The patient was admitted to the inpatient leukemia service for further evaluation and management. Presenting symptoms included significant malaise, fevers, anorexia, night sweats, and mild dyspnea on exertion. Physical exam was unremarkable. Laboratory studies revealed a white blood cell (WBC) count of 46 K/uL with 75% of the cells representing an NK-cell lymphoproliferative disorder. The patient had slightly elevated glucose, AST/ALT, and LDH. Epstein-Barr virus (EBV) serology was positive; however, the EBV PCR was negative. No disseminated intravascular coagulopathy was present. Computed tomography (CT) scans of the head (including sinuses), chest, abdomen, and pelvis were unremarkable. The bone marrow biopsy with aspiration revealed 30% involvement with small to intermediate sized mononuclear cells, some with inconspicuous nucleoli and small to moderate amounts of cytoplasm. Flow cytometry from the bone marrow biopsy was consistent with the peripheral blood with NK-cells comprising 71% of the population and expressing CD2, CD7, low density CD8, CD16, CD38, CD45, and bright CD56. Given the atypical morphological presentation, clinical correlation was used to determine the diagnosis of ANKL.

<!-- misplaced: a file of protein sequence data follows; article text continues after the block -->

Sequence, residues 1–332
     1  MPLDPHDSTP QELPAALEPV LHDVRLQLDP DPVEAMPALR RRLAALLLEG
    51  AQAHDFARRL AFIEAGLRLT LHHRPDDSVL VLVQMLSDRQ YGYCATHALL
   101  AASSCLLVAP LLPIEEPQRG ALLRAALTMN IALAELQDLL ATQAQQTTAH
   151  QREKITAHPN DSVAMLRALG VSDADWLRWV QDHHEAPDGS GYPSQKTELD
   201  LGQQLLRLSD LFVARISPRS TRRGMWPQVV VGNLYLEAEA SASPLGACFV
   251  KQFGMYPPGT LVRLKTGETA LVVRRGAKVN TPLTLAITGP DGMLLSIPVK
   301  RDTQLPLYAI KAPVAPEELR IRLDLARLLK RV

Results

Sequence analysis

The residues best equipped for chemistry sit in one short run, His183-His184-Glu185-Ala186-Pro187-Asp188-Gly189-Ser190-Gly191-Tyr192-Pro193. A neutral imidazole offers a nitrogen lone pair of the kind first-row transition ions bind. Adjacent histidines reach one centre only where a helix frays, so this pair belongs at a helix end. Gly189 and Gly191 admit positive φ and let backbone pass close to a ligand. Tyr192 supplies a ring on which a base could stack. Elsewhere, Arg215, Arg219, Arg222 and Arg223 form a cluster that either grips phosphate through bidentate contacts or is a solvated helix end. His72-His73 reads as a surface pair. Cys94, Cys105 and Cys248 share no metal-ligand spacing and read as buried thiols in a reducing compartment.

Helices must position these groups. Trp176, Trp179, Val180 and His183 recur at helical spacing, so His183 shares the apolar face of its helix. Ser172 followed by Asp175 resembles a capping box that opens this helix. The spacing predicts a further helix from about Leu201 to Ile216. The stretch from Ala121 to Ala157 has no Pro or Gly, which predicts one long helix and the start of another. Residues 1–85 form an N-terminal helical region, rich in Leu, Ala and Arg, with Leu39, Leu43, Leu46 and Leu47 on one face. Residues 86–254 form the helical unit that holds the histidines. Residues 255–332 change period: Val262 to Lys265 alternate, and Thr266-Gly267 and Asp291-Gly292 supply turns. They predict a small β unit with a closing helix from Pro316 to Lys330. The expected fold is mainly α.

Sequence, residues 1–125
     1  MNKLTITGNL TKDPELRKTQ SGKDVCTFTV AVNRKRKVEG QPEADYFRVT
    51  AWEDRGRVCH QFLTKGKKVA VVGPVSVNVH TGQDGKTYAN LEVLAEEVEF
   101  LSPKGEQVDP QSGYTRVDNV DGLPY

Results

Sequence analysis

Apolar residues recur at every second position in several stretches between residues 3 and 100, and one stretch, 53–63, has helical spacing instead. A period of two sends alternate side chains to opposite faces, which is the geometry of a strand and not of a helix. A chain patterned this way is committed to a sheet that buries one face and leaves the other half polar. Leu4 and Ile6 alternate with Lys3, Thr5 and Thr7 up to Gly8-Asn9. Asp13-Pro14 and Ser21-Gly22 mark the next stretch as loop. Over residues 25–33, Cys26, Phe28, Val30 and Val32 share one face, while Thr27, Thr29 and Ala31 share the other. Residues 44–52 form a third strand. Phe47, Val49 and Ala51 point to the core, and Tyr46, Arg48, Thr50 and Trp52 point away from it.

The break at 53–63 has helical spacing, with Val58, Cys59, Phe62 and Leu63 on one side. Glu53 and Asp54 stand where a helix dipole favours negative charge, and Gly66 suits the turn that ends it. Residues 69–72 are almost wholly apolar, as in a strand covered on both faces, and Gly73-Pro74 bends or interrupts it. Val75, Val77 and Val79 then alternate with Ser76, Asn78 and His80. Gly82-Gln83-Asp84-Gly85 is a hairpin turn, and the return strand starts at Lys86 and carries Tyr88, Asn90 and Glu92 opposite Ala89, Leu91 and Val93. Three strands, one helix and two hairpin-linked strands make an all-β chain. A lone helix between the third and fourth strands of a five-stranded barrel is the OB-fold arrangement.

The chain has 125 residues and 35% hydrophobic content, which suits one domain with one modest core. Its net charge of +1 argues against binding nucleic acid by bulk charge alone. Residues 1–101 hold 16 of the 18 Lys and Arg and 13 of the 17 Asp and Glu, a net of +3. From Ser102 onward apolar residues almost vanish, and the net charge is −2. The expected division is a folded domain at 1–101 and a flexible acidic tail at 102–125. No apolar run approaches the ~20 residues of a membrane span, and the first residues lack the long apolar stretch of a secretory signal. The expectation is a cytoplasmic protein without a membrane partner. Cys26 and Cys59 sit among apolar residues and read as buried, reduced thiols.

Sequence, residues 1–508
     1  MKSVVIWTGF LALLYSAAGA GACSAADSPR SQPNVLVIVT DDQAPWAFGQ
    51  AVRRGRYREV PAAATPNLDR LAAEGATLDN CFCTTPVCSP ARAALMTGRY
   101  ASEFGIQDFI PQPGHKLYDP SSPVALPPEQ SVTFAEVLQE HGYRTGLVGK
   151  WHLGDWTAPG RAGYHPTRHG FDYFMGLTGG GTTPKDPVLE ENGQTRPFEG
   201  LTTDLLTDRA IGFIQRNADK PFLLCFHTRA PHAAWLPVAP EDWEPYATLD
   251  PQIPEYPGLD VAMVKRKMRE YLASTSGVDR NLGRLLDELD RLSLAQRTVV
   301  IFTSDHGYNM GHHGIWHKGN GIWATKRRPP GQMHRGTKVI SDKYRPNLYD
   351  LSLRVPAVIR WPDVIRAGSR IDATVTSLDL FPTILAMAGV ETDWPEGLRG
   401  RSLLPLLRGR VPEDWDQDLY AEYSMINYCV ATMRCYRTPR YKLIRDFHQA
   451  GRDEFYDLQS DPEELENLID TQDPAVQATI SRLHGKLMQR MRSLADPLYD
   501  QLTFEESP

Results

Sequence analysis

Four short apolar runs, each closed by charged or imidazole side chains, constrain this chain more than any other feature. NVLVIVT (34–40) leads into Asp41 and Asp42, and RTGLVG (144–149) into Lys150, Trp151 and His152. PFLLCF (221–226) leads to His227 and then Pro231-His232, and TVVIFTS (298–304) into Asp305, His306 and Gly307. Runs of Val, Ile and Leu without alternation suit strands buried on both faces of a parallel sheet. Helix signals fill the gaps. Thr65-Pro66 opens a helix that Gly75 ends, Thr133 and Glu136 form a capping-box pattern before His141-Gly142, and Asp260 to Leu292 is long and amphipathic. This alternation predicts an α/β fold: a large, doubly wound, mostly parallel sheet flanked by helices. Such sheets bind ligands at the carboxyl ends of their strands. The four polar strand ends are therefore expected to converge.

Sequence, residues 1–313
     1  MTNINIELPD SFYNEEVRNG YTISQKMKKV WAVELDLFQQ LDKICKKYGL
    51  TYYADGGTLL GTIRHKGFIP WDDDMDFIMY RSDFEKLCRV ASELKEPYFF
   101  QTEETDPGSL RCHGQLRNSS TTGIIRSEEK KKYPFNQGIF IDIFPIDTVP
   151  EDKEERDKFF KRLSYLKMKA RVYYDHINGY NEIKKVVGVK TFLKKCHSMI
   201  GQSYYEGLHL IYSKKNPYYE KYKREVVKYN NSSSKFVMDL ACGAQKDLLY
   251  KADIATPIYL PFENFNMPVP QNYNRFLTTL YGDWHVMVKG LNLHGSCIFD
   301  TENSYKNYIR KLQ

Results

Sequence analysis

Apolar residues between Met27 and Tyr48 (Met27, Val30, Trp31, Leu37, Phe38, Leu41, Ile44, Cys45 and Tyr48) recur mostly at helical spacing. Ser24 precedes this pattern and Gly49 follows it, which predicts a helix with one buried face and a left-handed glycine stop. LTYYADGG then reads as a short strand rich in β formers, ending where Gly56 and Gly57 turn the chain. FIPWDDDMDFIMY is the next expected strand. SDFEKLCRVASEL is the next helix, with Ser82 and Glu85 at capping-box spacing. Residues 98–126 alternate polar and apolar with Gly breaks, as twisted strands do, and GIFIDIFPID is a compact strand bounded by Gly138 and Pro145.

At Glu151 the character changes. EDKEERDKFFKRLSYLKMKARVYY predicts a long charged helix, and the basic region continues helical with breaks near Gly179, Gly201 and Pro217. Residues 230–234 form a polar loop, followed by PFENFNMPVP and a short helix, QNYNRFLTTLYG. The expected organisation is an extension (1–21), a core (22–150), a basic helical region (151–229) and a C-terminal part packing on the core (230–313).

After 24 hours of hydroxyurea, induction chemotherapy was initiated which consisted of cyclophosphamide (300 mg/m2 every 12 hours D 1–3), vincristine (2 mg D 4 and 11), doxorubicin (50 mg/m2 D 4), dexamethasone (40 mg/day D 1–4 and 11–14), and pegaspargase (2,500 units/m2 D 4) in combination with intrathecal methotrexate and cytarabine.

Ten days following induction therapy initiation the WBC count had decreased to 2.1 K/uL, but repeat flow cytometry from peripheral blood demonstrated persistent NK-cells involving 70% of the population. The patient developed conjugated hyperbilirubinemia and jaundice. Therefore, salvage chemotherapy was administered consisting of gemcitabine (800 mg/m2 (dose adjusted from 1000 mg/m2 due to high total bilirubin) D 1, 4, and 8), cisplatin (100 mg/m2 D 2), and dexamethasone (20 mg/m2 D 1–4). Prophylactic intrathecal treatments were continued.

A second bone marrow biopsy conducted in May 2013 demonstrated no evidence of leukemia on morphology or flow cytometry. The plan was to repeat gemcitabine/cisplatin/dexamethasone every 28 days. The second cycle was delayed by 2 weeks due to grade 3/4 mucositis, malnutrition, elevated liver enzymes, vancomycin-resistant enterococcus bacteremia, and candida parapsilosis fungemia. Cycle 2 was given and the patient was discharged from the hospital. Cycle 3 was delayed because of poor performance status, altered mental status, and CMV viremia requiring ganciclovir treatment. Upon clinical improvement, cycle 3 was given in mid-July 2013. Repeat bone marrow biopsies in June 2013 and September 2013 continued to demonstrate a complete remission.